Personal Development

Therapy and Personal Development:

For Trainee Counsellors, Trainee Psychotherapists and others

in a helping profession.


(Reduced fees available for students)


Although personal therapy is not a requirement for registration with the British Association for Counselling and Psychotherapy (BACP); it is recommended and encouraged by most training organisations and is necessary for membership of the UK Council for Psychotherapy (UKCP).


The person of the therapist contributes significantly towards psychotherapy’s positive outcomes (Aveline, 2005) and her/himself is said to be the instrument of change (Wosket, 2017). Consequently, I believe, like Barnett (2007) that it is vital for psychotherapists and counsellors to explore what we bring to the therapeutic relationship and this includes our unconscious motivations.


What is it about us that makes us want to care for strangers (Owen, 1993)? Guggenbuhl-Craig (1971) warns about the dangers of us deluding ourselves if we limit our awareness to only our selfless motivations. Hawkins and Shohet (2012) argue “it is essential [for psychotherapists] to reflect honestly on the complex mixture of motives that have led them to choose their current profession” (p. 40). Barnett (2007) demands that we undertake our own therapy to avoid the dangers of splitting off our unconscious motivations such that we act out our countertransference with clients.


During training, the Personal Development Group provides one space in which we are able to explore ourselves, discover some blind spots and become more self-aware. In my experience this was a useful arena however, it did not provide the opportunities I required to explore at depth, those parts of myself which I felt needed a safe therapeutic relationship, including examination of my shadow motivations, such as those suggested in the literature (Wosket, 2017; Adams, 2014; Bager-Charleson, 2010; Barnett, 2007; Sussman, 2007; Miller, 1997).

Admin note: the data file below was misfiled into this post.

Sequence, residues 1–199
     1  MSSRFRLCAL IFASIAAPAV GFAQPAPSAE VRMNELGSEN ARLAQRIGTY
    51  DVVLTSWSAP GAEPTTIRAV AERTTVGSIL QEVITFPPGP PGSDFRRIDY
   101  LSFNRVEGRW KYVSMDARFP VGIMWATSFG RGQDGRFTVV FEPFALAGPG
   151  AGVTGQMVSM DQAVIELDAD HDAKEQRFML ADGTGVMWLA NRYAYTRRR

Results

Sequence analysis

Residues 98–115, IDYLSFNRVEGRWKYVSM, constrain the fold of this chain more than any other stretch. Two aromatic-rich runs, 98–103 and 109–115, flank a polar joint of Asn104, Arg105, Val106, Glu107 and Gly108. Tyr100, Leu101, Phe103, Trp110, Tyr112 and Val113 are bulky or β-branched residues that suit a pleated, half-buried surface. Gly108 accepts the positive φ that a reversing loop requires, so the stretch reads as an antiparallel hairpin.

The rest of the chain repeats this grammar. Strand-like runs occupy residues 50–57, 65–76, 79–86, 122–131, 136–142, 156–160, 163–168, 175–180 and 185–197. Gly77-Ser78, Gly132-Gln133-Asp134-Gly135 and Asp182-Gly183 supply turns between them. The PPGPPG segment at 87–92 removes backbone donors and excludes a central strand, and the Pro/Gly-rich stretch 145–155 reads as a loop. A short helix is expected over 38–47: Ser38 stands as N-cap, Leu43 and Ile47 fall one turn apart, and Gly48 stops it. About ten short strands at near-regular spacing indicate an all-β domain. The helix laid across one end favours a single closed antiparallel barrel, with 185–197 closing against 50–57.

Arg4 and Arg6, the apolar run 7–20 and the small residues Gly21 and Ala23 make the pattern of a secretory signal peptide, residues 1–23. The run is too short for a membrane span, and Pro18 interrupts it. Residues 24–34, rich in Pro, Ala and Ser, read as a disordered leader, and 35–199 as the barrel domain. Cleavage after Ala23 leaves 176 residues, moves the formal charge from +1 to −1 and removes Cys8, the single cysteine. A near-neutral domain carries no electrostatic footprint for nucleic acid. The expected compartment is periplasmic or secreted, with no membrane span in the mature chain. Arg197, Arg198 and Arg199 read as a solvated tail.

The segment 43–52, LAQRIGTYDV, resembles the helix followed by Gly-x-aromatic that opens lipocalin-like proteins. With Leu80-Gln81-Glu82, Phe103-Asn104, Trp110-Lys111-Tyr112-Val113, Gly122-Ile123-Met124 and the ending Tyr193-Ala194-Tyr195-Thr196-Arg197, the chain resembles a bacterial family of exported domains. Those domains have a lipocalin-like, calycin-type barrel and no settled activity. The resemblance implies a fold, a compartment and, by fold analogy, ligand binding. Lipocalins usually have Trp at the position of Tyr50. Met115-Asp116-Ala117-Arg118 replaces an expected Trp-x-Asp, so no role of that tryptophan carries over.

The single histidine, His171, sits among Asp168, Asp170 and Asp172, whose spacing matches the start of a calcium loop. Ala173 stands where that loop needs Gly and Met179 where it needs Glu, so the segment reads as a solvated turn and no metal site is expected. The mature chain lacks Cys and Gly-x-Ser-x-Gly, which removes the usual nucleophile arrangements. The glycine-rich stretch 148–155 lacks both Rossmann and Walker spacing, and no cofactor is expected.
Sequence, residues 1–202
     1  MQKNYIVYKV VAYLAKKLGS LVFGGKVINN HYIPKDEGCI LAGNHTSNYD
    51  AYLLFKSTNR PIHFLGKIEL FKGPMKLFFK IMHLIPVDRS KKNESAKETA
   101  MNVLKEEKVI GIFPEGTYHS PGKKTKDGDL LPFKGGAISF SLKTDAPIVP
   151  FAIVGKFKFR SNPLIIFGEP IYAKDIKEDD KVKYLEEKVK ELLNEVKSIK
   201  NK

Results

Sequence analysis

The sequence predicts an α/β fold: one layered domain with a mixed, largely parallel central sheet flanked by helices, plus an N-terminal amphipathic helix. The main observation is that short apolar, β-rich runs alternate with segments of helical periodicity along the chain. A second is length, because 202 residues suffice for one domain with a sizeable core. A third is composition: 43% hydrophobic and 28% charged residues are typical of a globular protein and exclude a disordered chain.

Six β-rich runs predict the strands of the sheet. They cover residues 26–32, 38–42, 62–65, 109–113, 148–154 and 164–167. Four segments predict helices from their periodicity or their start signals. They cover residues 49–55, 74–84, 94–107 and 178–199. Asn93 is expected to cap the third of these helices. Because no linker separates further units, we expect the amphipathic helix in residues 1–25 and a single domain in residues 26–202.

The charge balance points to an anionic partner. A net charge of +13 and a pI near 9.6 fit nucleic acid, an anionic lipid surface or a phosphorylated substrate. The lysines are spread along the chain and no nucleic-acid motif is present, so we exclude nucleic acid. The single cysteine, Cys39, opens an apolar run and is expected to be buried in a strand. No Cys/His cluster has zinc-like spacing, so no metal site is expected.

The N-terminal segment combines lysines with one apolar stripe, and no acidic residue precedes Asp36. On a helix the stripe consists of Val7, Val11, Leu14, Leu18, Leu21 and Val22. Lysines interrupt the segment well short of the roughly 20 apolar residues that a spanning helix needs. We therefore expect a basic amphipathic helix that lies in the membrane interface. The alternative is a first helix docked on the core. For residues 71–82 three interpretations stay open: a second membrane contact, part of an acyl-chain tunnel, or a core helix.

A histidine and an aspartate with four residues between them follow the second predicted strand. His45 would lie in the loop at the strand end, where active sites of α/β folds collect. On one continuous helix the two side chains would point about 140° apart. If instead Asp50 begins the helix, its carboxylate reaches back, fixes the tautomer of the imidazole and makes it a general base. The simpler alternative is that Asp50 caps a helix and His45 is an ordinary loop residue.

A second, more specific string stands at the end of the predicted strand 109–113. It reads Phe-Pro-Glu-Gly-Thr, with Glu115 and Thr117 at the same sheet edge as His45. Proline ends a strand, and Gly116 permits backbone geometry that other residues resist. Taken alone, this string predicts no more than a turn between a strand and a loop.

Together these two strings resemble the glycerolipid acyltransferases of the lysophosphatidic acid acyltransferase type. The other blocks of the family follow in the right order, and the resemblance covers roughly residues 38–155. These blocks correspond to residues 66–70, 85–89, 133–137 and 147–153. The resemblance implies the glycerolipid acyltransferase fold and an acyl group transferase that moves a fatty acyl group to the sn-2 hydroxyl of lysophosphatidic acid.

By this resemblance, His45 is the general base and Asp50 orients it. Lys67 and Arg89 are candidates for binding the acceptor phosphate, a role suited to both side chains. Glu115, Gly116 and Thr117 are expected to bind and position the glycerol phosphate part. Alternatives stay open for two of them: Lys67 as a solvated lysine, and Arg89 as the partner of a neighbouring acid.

If you would like to enhance your personal development or examine your own unconscious motivations within the safety of a therapeutic relationship then please contact me.


Email: helen@helenmaggiewatsontheapy.co.uk; or phone: 07907 366 523; or fill out the contact form on my contact page.

 

Aveline, M. (2005). The person of the therapist. Psychotherapy Research, 15(3), 155 – 164.

Bager-Charleson, S. (2010). Why therapists choose to become therapists: A practice-based enquiry. London, United Kingdom:      Karnac Books.

Barnett, M. (2007). What brings you here? An exploration of the unconscious motivations of those who choose to train and work as psychotherapists and counsellors. Psychodynamic Practice, 13(3), 257-274.

Guggenbühl-Craig, A. (1971). Power in the helping professions. Putnam, CT: Spring Publications.

Hawkins, P., & Shohet, R. (2012). Supervision in the helping professions (4th Ed.). Maidenhead, United Kingdom: Open University Press.

Miller, A. (1997). The drama of the gifted child: The search for the true self. London, United Kingdom: Virago.

Owen, I. (1993). On the private life of the psychotherapist and the psychology of caring. Counselling Psychology Quarterly, 6(3), 251 – 265.

Sussman, M. B. (2007). A curious calling: Unconscious motivations for practicing psychotherapy (2nd Ed.). Lanham, MD: Jason Aronson.

Wosket, V. (2017). The therapeutic use of self: Counselling practice, research and supervision (Classic Ed). Abingdon, United Kingdom: Routledge.

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